Posts

Showing posts from June, 2017

The post-election liberal narrative is hopelessly wrong

Image
There seems to be a popular liberal narrative emerging about the present state of British politics which is largely summed up by (1) the Tories have got us into a mess over the past couple of years and (2) they, especially Theresa May, should apologise for getting Britain into this mess.

Utter bilge.

There may be a number of things Mrs. May needs to apologise for - a poor campaign, an overly insular leadership style, the loss of a number of Conservative seats - but all these apologies need to be directed purely at the Tory party that she leads and its candidates.  Further, an acknowledgement that she has learned lessons from the election and will seek to adapt her premiership to suit those would be helpful and politically adept.  But an apology to the country?  What a fruitless, pointless, unnecessary exercise that would be.

I presume the apology in question that liberal commentators have in mind would be along the lines of saying sorry for calling an election.  Really?  In a democra…

Tone-deaf May is absolutely the wrong person to lead us into Brexit

Image
If you thought Theresa May was tone-deaf and unresponsive during the actual election campaign, then that's nothing on her performance since.

Following her seriously reduced circumstances I initially thought it was right for her to continue in office.  The electoral arithmetic suggested it as the only viable option, at least until the parliamentary circumstances changed.  She could have chosen to take on board the disastrous result that her cavalier election calling produced and govern as a minority leader but with significant consultation with other parties on Brexit.  That her own Brexit stance - which has been irredeemably, if unilluminatingly of the "hard" variety - would need modifying seemed evident too.

Then came the day after.  The prime minister's speech outside Downing Street was one of the most misjudged exercises I have come across.  She made no reference at all to the lamentable election result.  She simply announced she would be forming a new government…

Lessons from an election

Image
1.  Don't take the electorate for granted.  Theresa May's party (she abdicated the Conservative name for the duration) did this twice.  It assumed everyone would ignore the opportunistic nature of the election, and that they would then happily respond to a patronising campaign of empty slogans.  Turns out they didn't.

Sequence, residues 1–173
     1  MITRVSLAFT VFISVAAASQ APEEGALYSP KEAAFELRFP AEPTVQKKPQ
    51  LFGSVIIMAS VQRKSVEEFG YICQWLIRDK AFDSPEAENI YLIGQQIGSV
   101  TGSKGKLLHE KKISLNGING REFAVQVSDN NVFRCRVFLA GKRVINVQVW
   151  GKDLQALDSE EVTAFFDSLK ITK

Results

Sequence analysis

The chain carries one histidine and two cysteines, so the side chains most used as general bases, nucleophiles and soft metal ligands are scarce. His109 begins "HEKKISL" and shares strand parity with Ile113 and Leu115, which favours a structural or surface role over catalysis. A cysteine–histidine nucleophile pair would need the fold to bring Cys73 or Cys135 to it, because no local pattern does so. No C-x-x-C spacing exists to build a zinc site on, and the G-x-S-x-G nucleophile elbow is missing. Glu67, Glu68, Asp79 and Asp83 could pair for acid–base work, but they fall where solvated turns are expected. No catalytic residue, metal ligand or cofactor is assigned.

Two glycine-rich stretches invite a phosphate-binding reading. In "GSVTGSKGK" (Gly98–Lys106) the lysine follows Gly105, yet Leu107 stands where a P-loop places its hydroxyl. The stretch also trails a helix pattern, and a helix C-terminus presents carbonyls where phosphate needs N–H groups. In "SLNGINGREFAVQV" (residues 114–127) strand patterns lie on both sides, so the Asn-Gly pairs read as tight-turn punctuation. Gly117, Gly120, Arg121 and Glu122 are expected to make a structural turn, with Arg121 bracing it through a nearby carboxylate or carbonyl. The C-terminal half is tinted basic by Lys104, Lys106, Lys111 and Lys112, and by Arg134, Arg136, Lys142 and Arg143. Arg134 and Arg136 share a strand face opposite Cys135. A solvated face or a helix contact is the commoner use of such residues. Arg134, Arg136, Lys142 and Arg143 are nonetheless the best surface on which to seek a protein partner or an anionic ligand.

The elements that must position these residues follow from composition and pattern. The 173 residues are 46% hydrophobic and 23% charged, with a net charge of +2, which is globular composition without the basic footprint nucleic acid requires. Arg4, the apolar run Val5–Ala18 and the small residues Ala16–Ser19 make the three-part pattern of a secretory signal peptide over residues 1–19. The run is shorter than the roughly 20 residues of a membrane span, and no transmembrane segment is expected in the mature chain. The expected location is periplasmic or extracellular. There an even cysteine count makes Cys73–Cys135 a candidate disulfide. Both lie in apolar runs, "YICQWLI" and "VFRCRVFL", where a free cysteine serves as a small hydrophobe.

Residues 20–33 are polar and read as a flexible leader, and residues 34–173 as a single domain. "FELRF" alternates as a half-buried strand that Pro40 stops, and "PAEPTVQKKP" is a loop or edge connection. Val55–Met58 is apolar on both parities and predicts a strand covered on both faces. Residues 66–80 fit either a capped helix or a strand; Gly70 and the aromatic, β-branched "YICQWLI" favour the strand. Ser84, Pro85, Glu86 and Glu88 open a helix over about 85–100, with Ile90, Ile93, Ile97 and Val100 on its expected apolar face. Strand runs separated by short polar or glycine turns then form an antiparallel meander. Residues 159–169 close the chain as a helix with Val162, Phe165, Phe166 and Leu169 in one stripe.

2.  Every vote matters, even under First Past the Post.  Young voters complained about Brexit, but their complaints carried little weight given the fact that many didn't vote in that ill conceived referendum.  This time they voted, and the change has been palpable.

3.  Traditional campaigning still matters.  Theresa May's party thought they could win this with a big data machine and by programming, without variation, key phrases into the political dialogue.  They thought they could avoid real voters with impunity, whether in televised debates or in the streets.  Jeremy Corbyn suffered a media monstering, but built up support through a consistent roun…

Theresa May will be returned as a damaged prime minister

After the scares for the Conservatives of the past couple of weeks, the broad consensus is still that they will return to parliament as the biggest party in the Commons after the election - and by some margin.  Or perhaps, in Conservative campaign terminology, the emphasis should be on Theresa May returning to office as prime minister, since the party itself has had very much second billing in this campaign.

The problem with the way May and her people have decided to run the campaign is that they had no way out once it went bad.  And it did go very bad.  If you are going to relegate the actual party to a virtual afterthought, and insist that your candidates announce on their election addresses that they are "Standing with Theresa May", rather than "Standing as Conservatives", then you do need to be very sure that the product you are selling is up to the billing.  In this instance it wasn't.

While the Tories are clawing back some points in the polls, the latest